The Rocky Mountain Employer


Labor and Employment Law Updates

Failure to Pay Wages is Now Criminal Theft in Colorado

Colorado Governor Jared Polis signed a law that classifies an employer’s failure to pay wages as “theft,” making it a criminal offense.FN1 Under the new law, which takes effect on January 1, 2020, any employer who willfully refuses to pay wages, or intentionally and falsely denies the amount or validity of a wage claim, commits criminal theft, which can be a petty offense, misdemeanor, or a felony if the amount is in excess of $2,000.00.FN2 Criminal penalties may be imposed in addition to already steep civil penalties.FN3

Under the new law, violators face criminal fines between $50.00 to $1 million, depending on the circumstances of the case and the amounts withheld.FN2 The new law eliminates the criminal penalty exemption for employers who cannot pay their employees due to Chapter 7 Bankruptcy or a court order limiting access to its assets.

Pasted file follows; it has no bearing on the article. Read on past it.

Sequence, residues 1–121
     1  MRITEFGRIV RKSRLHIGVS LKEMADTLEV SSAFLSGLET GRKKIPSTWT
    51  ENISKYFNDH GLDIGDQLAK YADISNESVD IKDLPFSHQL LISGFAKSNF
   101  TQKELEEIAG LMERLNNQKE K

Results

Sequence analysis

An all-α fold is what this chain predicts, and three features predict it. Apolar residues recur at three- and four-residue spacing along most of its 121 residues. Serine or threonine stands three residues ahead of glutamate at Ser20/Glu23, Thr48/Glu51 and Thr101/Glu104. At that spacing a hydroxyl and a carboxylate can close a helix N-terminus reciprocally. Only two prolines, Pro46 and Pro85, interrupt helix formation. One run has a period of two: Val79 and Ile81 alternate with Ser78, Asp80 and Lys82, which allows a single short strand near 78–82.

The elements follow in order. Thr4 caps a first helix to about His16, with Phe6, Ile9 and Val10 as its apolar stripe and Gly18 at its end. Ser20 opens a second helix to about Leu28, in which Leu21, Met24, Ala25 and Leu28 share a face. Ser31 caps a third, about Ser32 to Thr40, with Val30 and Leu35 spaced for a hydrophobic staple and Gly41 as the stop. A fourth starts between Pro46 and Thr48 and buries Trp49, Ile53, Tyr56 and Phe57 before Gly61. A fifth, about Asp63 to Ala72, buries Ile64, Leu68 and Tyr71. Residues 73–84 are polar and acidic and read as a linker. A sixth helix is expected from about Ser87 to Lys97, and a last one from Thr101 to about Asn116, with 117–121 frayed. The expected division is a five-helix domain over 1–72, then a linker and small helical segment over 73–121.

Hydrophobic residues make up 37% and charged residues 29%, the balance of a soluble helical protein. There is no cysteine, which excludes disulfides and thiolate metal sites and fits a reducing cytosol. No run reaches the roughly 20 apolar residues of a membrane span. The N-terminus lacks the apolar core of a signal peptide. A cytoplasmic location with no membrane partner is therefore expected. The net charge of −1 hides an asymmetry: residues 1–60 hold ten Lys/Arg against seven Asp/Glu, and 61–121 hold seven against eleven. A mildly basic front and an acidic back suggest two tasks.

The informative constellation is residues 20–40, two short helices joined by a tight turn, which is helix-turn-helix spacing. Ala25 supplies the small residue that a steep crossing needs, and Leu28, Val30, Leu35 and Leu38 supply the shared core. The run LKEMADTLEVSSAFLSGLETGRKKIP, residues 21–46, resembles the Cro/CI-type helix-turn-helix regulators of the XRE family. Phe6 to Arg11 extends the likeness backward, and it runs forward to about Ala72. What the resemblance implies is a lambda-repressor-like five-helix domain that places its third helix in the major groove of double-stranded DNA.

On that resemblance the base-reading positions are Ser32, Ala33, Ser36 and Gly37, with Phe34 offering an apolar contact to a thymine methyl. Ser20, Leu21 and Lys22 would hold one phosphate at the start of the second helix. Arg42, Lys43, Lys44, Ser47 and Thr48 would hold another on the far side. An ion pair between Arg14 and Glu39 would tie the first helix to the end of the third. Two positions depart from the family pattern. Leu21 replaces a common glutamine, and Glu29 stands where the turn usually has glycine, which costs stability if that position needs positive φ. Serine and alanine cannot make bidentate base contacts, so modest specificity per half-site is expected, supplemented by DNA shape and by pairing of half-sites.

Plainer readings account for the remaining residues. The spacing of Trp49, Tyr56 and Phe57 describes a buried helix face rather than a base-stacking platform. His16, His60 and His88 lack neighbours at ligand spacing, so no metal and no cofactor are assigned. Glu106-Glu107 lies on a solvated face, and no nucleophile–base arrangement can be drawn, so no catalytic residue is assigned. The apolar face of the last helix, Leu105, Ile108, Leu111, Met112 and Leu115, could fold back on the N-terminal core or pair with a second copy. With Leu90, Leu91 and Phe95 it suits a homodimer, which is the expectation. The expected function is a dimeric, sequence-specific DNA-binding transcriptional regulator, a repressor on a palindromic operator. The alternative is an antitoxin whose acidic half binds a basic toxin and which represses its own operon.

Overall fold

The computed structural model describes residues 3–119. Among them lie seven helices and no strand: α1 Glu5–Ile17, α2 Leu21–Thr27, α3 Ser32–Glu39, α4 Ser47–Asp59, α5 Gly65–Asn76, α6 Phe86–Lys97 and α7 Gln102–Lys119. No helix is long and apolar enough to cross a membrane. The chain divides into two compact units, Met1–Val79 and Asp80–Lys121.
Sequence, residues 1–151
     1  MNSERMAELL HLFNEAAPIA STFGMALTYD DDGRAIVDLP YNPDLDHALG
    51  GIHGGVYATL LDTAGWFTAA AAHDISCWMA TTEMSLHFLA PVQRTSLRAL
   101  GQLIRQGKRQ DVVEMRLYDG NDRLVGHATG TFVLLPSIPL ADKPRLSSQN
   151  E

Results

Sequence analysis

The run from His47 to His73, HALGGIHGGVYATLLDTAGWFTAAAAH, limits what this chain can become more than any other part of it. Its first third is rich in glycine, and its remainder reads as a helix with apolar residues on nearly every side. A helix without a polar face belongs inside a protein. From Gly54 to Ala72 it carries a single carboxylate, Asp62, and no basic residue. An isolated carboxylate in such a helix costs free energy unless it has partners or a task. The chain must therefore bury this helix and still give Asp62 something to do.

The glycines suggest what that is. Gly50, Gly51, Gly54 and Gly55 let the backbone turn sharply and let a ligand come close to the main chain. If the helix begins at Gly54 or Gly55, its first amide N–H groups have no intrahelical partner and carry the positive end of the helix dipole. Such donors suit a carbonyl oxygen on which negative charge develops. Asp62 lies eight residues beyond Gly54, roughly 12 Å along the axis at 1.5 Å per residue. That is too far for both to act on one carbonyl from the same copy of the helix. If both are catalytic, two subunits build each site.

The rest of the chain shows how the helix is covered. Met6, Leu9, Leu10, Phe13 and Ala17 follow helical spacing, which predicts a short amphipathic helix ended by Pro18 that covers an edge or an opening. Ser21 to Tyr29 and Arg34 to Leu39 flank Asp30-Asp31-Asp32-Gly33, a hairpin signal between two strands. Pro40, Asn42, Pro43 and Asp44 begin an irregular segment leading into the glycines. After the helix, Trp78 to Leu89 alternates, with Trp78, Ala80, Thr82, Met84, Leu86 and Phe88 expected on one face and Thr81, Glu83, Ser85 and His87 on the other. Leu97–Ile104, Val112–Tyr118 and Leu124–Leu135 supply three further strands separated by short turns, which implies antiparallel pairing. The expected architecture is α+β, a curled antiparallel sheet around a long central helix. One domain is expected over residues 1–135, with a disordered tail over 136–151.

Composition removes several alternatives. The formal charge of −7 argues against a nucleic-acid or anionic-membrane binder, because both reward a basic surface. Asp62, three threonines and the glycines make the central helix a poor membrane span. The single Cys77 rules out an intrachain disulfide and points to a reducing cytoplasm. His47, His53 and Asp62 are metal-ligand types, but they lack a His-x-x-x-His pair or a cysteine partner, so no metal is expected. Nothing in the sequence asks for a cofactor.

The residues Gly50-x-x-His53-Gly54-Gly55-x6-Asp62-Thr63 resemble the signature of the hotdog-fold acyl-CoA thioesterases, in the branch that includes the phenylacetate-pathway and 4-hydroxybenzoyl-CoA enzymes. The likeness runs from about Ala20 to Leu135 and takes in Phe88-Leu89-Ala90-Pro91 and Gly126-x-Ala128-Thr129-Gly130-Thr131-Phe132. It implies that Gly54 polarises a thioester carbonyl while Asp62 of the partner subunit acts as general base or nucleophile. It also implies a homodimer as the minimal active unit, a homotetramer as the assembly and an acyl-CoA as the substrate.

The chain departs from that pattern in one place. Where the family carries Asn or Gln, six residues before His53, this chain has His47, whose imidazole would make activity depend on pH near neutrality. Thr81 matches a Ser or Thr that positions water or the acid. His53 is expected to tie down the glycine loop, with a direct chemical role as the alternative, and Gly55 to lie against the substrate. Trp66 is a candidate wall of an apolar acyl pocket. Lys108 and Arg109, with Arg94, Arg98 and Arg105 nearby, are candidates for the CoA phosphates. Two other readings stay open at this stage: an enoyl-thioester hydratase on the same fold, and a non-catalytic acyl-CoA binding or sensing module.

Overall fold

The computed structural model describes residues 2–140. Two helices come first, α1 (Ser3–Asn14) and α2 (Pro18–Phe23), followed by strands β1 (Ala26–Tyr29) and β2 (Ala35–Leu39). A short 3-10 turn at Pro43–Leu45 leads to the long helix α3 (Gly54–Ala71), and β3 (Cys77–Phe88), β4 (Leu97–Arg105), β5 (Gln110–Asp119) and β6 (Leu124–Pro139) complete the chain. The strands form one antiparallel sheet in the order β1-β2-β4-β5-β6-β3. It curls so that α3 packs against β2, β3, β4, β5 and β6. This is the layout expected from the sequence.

In light of increased penalties and criminal charges, employers should review pay practices and financial projections to ensure future compliance with Colorado Wage laws—especially because employers cannot escape liability by claiming that financial conditions interfere with the ability to pay its workforce. Employers should further understand that time is of the essence when responding to a written demand for wages.



FN1:   House Bill 19-1267, (signed May 16, 2019),

FN2:   Legislative Counsel Fiscal Note, HB 19-1267,

FN3:Under the Colorado Wage Claim Act, employers must pay penalties of up to 125% of unpaid wages for amounts up to $7,500.00, and 50% of unpaid wages that exceed $7,500.00 if the employers do not pay an employee’s earned, vested, and determinable wages or compensation within fourteen days after a written demand is made. C.R.S. § 8-4-109(2)(b). For willful violations, penalties increase an additional 50%. Under the new law, employers found guilty of wage theft will be subject to additional criminal fines.